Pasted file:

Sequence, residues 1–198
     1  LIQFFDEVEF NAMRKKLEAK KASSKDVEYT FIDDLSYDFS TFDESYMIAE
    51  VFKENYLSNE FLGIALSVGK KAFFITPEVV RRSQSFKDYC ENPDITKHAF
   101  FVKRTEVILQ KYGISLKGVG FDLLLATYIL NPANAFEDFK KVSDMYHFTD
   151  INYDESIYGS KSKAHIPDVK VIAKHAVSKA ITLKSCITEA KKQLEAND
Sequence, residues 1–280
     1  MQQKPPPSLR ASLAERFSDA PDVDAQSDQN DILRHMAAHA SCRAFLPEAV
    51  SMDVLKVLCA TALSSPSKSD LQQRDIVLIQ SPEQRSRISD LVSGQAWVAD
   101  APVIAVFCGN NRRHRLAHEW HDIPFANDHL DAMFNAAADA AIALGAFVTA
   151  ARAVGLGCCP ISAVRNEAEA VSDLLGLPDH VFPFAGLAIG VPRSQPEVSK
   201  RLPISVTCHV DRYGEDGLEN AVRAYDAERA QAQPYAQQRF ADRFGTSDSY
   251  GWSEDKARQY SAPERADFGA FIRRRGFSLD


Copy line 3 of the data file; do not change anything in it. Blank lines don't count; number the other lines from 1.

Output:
    51  VFKENYLSNE FLGIALSVGK KAFFITPEVV RRSQSFKDYC ENPDITKHAF